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    Terrific! My heavyweight weighs in at 14 lbs with scope. I shoot from a sitting position with my back against a rock tree, bush, etc., and wanted something that could raise the rifle to shoulder height. The 9-inch Harris bipods are good for benches or perhaps prone shooting but way too short for sitting shots. Which model do you have? Is it as you described: the "Rapid Pivot Folding" model, or is there a specific model name I should look for. I am going to Cabela's in Phoenix in a couple of weeks and hope they have a full line of bipods.
     
  5. Goofycat

    Goofycat Well-Known Member

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    I just ran across a product from Ultrec. It is a bipod that features a head that swivels 360 degrees. Is this feature really desirable for a bipod? Seems that it would be, but I have never shot with a bipod, having always rested the rifle on my knees.
     
  6. daddyman

    daddyman New Member

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    What about barrel mounted bipods? Do they affect accuracy? What info is there on their use?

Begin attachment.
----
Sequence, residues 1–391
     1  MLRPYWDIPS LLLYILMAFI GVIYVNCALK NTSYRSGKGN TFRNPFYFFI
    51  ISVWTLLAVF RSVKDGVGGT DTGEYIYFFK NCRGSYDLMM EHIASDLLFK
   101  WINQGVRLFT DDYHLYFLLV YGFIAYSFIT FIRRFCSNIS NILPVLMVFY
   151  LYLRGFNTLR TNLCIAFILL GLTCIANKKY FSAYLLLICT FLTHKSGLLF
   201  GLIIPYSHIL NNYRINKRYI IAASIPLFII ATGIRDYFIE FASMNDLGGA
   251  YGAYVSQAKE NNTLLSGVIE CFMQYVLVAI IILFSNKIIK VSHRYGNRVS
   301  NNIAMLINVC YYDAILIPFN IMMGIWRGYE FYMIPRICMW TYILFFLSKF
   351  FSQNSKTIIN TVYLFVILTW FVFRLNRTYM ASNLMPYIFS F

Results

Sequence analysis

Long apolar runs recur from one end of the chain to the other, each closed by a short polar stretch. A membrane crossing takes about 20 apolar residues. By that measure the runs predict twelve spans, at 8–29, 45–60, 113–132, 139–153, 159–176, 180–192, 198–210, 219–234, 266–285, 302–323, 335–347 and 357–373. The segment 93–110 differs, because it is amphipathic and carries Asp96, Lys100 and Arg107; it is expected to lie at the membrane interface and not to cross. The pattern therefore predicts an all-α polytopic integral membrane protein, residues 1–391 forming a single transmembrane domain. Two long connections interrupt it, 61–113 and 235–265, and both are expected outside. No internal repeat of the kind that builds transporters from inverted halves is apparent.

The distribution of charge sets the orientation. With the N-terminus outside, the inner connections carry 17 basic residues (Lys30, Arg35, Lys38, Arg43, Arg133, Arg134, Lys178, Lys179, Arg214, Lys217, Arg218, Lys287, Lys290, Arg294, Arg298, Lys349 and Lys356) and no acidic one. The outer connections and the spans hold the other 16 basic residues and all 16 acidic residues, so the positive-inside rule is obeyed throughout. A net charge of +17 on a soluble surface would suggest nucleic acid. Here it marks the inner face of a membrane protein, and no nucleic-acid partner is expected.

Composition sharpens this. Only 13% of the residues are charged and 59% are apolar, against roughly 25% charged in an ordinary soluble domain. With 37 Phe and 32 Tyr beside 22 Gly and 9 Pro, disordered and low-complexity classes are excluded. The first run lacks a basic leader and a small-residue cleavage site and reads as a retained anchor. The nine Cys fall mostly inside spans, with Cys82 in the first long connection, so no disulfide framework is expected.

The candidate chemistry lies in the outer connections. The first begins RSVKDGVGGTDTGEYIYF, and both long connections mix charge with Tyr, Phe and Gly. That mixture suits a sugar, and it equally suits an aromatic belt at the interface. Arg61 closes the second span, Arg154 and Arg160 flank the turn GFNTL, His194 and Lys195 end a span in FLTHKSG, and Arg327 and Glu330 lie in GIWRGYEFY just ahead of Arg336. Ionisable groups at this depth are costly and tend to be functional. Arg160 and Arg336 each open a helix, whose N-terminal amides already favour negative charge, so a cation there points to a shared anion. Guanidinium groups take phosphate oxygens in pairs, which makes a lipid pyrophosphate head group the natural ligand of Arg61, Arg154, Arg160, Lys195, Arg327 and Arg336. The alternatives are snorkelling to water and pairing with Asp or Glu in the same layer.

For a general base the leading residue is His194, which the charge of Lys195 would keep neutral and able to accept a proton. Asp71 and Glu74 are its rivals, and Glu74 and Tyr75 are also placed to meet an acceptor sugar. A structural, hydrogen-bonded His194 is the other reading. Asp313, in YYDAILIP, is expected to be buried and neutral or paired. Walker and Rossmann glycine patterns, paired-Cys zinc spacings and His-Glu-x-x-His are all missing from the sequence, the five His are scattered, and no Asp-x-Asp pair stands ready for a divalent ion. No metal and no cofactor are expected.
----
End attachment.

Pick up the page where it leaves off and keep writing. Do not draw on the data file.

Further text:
7. Goofycat

    Goofycat Well-Known Member

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    Seems to me that barrel-mounted bipods would not be good if the rifle were used for bench rest competition, but I don't see where it would affect varmint-type accuracy, unless the shots were long ones. Sometimes you can go crazy with trying to get groups in the ones with a varmint rifle, and even crazier when you don't get them. Frankly, I was raised on bench rest and find it difficult to get out of that mold, even though MOA accuracy should be fine for all but the smallest varmints at long ranges. I don't care about 1/2-inch groups at 300 yards. If I can kill ground squirrels (about the size of a tall beer can) at that distance, I really don't care if the bullet hits the neck area when I was really aiming at his eyeballs. The results are the same: red mist! Besides, without a spotter, it is a waste of my handloads to try to get this type of accuracy with the guns I use in the windy conditions I usually find myself in.
     
  8. .30 CAL

    .30 CAL Well-Known Member

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    Better late than never, if you haven't purchased a bipod I would suggest the Stoney Point Rapid Pivot Bipod. Stoney Point - Rapid Pivot Bipod Sitting / Kneeling